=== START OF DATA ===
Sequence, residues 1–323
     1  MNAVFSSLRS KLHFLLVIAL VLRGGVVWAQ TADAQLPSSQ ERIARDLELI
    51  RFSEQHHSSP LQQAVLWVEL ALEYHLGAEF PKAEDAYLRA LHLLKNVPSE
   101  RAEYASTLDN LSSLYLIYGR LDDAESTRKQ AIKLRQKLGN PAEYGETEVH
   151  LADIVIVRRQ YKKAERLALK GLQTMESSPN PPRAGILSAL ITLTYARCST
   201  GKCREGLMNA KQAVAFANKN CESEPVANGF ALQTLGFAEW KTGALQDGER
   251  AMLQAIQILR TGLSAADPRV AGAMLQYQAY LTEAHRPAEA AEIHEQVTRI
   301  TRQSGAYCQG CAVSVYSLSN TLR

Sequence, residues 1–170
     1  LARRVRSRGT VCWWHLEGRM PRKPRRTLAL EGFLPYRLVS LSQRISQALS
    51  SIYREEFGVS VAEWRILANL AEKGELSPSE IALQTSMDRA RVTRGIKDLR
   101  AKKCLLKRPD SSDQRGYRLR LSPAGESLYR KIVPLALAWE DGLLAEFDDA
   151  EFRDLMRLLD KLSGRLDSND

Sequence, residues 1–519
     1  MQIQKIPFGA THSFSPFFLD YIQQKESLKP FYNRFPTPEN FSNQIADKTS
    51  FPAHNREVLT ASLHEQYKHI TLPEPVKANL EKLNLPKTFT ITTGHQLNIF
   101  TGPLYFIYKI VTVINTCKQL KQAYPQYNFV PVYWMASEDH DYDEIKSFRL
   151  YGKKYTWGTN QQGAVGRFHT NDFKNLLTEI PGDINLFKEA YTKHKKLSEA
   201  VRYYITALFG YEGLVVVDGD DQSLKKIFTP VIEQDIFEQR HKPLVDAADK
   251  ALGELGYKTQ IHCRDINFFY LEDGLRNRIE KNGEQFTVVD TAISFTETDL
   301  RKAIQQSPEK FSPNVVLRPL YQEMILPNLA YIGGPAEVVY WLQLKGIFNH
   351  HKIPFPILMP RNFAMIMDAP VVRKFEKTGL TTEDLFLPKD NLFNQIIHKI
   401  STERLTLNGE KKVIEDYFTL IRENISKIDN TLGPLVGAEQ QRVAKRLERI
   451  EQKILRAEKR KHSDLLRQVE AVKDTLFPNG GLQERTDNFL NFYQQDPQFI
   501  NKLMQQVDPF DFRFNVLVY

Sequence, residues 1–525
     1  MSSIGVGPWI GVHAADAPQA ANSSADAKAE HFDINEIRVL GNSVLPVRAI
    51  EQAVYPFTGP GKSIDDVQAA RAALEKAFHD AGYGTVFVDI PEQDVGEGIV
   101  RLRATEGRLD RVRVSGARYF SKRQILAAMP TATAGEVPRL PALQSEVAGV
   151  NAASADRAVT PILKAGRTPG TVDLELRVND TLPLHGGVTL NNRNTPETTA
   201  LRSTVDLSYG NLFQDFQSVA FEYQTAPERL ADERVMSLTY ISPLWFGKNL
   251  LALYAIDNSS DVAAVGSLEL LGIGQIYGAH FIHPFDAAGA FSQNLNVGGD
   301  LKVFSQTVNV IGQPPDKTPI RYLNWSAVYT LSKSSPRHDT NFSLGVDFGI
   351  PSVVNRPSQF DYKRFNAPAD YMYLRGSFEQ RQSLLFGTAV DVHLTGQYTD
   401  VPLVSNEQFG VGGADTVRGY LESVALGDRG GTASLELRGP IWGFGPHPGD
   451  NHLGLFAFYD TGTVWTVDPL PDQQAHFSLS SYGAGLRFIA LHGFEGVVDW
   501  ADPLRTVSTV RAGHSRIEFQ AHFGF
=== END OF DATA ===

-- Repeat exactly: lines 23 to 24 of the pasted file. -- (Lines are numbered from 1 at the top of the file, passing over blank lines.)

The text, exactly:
   401  STERLTLNGE KKVIEDYFTL IRENISKIDN TLGPLVGAEQ QRVAKRLERI
   451  EQKILRAEKR KHSDLLRQVE AVKDTLFPNG GLQERTDNFL NFYQQDPQFI